Wingnut Wings | #32027: 1/32 Fokker D.VII (Alb)

Reviewed by Kevin Futter

Ron Patterson recently reviewed the Fokker-built version of this kit, and since most of the contents are the same, I'll just focus on the differences in this review. Please check out Ron's review for an overview of the general contents of the box. I can only echo Ron's sentiments: the moulding is first-class, the instructions are without peer and the decals are magnificent.

This particular release depicts the version built under license by Albatros at their Johannisthal factory. Wingnut Wings itself provides an excellent potted history of the aircraft on its webpage for this kit, and is well-worth reading if, like me, you're unfamiliar with the type (this information is also found on the front page of the instruction booklet).

The primary difference between the three releases of this kit ('Fok', 'Alb' & 'OAW') is the sprue depicted in the photo below:

The close-up below of the sprue identification tab shows it as sprue 'K'. The equivalent sprue in the 'AOW' kit (#32030) is marked as 'J', while the one in the 'Fok' kit (#32011) is marked as 'I'. Curiously, all three sprues have a copyright date of 2008, as can be seen in the photo below.

All the other sprues appear to be identical in each kit, and indeed, with the exception of the engine fret, are all marked as '32011'. The sprue containing all the engine parts ('E') appears to be designed for inclusion in any Wingnut Wings release for which the Mercedes D.III might be applicable, and comes complete with four different styles of propeller.

The second point of differentiation with this release is the instruction booklet. But to refer to it as merely an 'instruction booklet' is to do it a gross disservice; it's 34 pages of sumptuously illustrated building guidelines that blur the lines between kit instructions and type reference. Just be careful removing it from its sealed plastic sleeve, as there's a photo-etched fret of detail parts lurking in the same bag.

The photo above perfectly illustrates the impressive and seamless blend of CAD-generated construction sequences with period reference photos and historical explanation. Page 22 features a helpful rigging diagram, though no rigging material is supplied.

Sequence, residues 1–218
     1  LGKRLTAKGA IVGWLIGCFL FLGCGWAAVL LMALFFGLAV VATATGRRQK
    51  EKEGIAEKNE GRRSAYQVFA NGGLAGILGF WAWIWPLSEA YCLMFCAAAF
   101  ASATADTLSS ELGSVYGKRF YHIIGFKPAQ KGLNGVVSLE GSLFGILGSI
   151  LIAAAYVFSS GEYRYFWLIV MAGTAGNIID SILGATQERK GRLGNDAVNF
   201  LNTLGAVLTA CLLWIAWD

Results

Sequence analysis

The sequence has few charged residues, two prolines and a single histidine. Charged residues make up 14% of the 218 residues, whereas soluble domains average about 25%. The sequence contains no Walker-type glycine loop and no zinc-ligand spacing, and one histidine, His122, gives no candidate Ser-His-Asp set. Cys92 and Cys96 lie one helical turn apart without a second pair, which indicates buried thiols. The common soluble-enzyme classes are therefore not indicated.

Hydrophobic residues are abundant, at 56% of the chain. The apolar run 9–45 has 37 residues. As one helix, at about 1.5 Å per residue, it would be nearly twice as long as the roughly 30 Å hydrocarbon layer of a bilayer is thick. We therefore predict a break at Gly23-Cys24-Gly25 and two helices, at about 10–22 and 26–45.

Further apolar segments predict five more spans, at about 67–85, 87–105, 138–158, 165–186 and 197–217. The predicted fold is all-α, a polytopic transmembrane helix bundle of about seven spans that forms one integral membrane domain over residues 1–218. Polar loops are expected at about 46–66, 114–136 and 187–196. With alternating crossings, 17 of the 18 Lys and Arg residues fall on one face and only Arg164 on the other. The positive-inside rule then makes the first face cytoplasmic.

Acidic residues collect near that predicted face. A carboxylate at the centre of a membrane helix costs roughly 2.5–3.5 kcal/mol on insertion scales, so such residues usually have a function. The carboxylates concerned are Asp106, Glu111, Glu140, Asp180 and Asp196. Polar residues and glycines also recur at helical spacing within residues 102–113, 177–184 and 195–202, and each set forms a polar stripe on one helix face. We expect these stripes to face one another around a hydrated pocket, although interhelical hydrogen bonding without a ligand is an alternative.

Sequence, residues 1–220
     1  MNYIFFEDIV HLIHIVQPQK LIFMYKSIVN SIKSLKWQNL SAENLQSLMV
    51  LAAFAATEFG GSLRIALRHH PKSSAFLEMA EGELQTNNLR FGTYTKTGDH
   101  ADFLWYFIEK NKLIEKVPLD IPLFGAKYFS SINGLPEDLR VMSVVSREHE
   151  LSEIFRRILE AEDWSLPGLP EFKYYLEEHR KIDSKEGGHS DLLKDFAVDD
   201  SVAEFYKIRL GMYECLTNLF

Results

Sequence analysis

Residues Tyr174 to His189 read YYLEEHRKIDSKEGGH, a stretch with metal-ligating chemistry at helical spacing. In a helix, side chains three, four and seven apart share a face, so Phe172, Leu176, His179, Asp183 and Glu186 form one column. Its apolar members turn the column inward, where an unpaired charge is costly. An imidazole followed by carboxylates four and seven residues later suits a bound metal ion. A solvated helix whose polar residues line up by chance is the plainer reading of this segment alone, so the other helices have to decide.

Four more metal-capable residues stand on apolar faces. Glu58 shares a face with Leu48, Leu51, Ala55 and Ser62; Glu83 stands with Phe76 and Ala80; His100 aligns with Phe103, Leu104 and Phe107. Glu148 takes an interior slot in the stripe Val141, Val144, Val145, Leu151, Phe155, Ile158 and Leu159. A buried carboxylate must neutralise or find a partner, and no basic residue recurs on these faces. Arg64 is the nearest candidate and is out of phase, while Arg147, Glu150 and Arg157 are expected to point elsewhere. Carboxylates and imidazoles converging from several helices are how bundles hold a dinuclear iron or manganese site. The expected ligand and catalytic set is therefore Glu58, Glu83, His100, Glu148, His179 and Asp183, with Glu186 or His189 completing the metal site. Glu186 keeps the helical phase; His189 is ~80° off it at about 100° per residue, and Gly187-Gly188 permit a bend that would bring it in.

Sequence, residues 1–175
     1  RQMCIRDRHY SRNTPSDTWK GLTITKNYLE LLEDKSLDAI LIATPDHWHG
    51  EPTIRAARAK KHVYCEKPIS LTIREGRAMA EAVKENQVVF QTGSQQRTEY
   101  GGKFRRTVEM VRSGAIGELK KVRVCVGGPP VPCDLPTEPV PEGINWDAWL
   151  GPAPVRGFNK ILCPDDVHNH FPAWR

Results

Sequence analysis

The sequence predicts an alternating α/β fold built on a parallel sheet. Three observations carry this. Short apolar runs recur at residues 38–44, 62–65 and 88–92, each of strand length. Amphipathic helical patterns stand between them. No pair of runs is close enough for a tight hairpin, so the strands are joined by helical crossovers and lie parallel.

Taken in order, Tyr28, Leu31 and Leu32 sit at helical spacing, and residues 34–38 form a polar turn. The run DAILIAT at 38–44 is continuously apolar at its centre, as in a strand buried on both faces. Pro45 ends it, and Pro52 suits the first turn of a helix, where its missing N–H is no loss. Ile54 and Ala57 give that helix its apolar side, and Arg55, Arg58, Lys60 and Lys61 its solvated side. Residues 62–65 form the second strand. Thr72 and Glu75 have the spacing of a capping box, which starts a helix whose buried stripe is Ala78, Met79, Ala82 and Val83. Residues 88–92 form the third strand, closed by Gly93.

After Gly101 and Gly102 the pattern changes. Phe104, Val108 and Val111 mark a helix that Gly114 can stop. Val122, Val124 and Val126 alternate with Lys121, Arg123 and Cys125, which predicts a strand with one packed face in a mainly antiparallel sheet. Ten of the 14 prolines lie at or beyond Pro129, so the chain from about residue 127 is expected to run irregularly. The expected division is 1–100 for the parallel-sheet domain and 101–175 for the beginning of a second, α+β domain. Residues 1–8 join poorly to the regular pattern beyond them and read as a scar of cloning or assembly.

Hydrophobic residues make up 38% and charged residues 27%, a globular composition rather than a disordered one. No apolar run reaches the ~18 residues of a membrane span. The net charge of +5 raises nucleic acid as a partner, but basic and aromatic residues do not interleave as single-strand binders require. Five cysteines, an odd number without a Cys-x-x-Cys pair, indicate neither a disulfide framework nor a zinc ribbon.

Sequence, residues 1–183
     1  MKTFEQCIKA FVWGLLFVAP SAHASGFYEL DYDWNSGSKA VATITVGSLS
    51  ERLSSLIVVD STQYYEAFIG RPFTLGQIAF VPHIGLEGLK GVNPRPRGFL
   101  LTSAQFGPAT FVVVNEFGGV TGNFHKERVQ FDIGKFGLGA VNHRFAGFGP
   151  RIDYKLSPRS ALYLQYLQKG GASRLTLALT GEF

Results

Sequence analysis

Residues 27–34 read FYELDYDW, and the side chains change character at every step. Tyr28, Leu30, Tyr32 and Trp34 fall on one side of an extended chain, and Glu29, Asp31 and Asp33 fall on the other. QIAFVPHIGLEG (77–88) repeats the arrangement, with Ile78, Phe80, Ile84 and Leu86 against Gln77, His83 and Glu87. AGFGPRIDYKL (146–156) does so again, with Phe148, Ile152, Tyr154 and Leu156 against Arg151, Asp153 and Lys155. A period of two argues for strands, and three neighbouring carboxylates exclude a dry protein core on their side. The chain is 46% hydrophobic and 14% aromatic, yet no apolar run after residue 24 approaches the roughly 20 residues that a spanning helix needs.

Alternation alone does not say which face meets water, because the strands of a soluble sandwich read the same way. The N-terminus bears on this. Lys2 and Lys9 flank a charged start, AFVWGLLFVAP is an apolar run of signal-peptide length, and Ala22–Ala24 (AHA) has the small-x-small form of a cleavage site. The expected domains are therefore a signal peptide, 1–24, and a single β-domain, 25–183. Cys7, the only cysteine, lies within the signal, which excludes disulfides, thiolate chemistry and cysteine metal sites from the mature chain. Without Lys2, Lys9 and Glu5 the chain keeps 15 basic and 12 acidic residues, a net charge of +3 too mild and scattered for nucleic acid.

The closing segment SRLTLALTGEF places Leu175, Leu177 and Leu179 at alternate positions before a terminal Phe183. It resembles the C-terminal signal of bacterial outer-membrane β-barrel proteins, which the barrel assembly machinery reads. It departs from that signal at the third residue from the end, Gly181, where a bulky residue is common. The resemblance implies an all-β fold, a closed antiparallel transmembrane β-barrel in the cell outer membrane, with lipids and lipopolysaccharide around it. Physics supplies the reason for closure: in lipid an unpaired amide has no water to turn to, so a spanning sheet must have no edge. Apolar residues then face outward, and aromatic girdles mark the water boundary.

Towards the back of this amazing document are the painting and markings instructions for five example aircraft:

Of course, when it comes to painting and markings, decals play a huge part, and the decals supplied with this kit are equally as impressive as the other elements. It features not so much a decal sheet as a decal package. There are 5 large main sheets and one smaller one. Yep, six sheets in all. The large sheets are made up of a single sheet of individual aircraft markings, and 4 sheets of 4- and 5-colour lozenge patterns. The smaller sheet features rib tapes in two colours.


All in all this is an amazing package. The Tamiya uber-kits probably match (or perhaps even exceed) this in terms of moulding finesse and kit engineering, but don't come close when it comes to the instruction booklet and decal package. It's a cliche, for sure, but I think it's fair to say that Wingnut Wings kits are designed by modellers, for modellers, and every single element has been well thought-out and executed to the brink of perfection.

I think the real testament to the quality of this kit (and its brethren) is the fact that many modellers, who previously had little-to-no interest in WW1 aviation or models, are flocking in droves to build them. I now count myself among their number, and I can't wait to check out some other Wingnut Wings kits.

Many thanks to Wingnut Wings for the review sample.

© Kevin Futter 2012

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This review was published on Thursday, January 10 2013; Last modified on Wednesday, May 18 2016